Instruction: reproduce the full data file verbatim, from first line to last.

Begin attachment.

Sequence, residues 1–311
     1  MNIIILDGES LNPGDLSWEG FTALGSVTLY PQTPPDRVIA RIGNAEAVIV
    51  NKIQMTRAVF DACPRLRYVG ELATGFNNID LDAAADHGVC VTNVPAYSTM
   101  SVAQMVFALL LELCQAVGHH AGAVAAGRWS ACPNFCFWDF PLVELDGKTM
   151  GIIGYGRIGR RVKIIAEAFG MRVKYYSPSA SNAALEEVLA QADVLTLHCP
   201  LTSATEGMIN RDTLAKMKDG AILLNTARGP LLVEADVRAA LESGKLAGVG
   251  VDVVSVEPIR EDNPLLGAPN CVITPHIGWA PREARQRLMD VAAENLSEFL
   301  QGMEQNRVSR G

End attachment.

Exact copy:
Sequence, residues 1–311
     1  MNIIILDGES LNPGDLSWEG FTALGSVTLY PQTPPDRVIA RIGNAEAVIV
    51  NKIQMTRAVF DACPRLRYVG ELATGFNNID LDAAADHGVC VTNVPAYSTM
   101  SVAQMVFALL LELCQAVGHH AGAVAAGRWS ACPNFCFWDF PLVELDGKTM
   151  GIIGYGRIGR RVKIIAEAFG MRVKYYSPSA SNAALEEVLA QADVLTLHCP
   201  LTSATEGMIN RDTLAKMKDG AILLNTARGP LLVEADVRAA LESGKLAGVG
   251  VDVVSVEPIR EDNPLLGAPN CVITPHIGWA PREARQRLMD VAAENLSEFL
   301  QGMEQNRVSR G